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Crazy Rich Asians meets The Princess Diaries in this irresistible story about Izumi, a Japanese-American girl who discovers her senior year of high school that she’s really a princess of Japan.

Izumi Tanaka has never really felt like she fit in—it isn’t easy being Japanese American in her small, mostly white, northern California town. Raised by a single mother, it’s always been Izumi—or Izzy, because “It’s easier this way”—and her mom against the world. But then Izzy discovers a clue to her previously unknown father’s identity…and he’s none other than the Crown Prince of Japan. Which means outspoken, irreverent Izzy is literally a princess.

In a whirlwind, Izzy travels to Japan to meet the father she never knew and discover the country she always dreamed of. But being a princess isn’t all ball gowns and tiaras. There are conniving cousins, a hungry press, a scowling but handsome bodyguard who just might be her soulmate, and thousands of years of tradition and customs to learn practically overnight.

Izzy soon finds herself caught between worlds, and between versions of herself—back home, she was never “American” enough, and in Japan, she must prove she’s “Japanese” enough. Will Izumi crumble under the weight of the crown, or will she live out her fairytale, happily ever after? 

Title : Tokyo Ever After
Author : Emiko Jean
Format : eARC
Page Count : 336
Genre : YA contemporary romance
Publisher : Flatiron Books
Release Date : May 25, 2021

Reviewer : Hollis
Rating : ★ ★ ★ 

Hollis’ 3 star review

Can we just take a minute to appreciate this cover? And maybe a second minute? Because it’s stunning.

As for the book itself, well. While I found the writing-style to be easy going it did sort’ve trick me into think this was well-paced. Which in hindsight.. sometimes yes, sometimes no. But I was mostly convinced of that because at a certain point in the book, considering certain events, I was sure this wasn’t a standalone and we’d have a series to explore more. But from the looks of it, and considering the ending, this has a distinct one-and-done feel. I could be wrong, of course.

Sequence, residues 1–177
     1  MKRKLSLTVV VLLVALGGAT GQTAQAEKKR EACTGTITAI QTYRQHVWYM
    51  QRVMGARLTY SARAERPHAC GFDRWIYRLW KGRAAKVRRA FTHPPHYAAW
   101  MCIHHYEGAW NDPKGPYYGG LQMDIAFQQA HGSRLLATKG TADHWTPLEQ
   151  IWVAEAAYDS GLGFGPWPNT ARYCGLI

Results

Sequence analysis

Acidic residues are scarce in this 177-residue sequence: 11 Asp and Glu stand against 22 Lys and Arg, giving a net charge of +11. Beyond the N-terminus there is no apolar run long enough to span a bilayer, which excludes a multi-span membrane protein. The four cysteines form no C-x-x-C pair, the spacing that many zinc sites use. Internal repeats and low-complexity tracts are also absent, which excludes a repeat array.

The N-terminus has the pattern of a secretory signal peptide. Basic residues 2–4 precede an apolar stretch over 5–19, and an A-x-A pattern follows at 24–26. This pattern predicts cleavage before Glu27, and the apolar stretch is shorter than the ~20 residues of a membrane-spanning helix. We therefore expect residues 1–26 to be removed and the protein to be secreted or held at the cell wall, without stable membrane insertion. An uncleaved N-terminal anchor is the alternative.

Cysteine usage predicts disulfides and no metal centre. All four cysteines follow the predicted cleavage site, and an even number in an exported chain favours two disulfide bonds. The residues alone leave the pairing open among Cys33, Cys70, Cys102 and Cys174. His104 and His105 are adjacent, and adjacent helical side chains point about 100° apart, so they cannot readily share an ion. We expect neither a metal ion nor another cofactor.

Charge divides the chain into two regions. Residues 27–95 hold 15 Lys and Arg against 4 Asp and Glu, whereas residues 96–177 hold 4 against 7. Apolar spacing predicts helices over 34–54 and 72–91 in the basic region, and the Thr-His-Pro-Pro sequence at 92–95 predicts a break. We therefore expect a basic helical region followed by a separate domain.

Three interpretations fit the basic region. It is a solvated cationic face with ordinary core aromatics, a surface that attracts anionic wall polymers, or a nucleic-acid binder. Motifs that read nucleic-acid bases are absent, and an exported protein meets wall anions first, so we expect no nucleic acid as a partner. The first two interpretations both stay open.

Equally, though it might seem obvious, this does feel like two different books. Likely because it’s two separate and very different worlds colliding. But as much as I enjoyed the immersion into the Japanese side of things I think the American just-another-YA-contemporary side felt more fleshed out. The close knit girlfriends, the single mum, etc, just felt so effortless and fun. The other side had moments of pure delight, don’t get me wrong, but I think more time to explore, ie not a standalone, would’ve knocked this out of the park. Given time to flesh out not only the relationships (the romance was too rushed, that was a true downfall for me) but the characters themselves, too. That said, I did enjoy the dialogue surrounding that struggle to find the right space to be. Izumi isn’t mixed race but she’s brought up in America without any roots; and yet, despite feeling an instant connection to Japan, she is too American. As a white reader I obviously can’t speak to how that impacts other readers who have experienced the same, or how true it read, so please, as always, seek out #ownvoices reviews. But it resonated quite a bit.

If you go in just wanting something to live up to the pitch, Crazy Rich Asians meets The Princess Diaries, I think you’ll be happy. It definitely fits the bill. Criticisms aside I did quite enjoy this, I just wanted more. Also, I thought this was a debut, so I was about to be all “and for a debut it was so strong!”. Delete delete. Not sure either of her backlist offerings are tempting enough to pick up but I would read her again.

** I received an ARC from the publisher (thank you!) in exchange for an honest review. **

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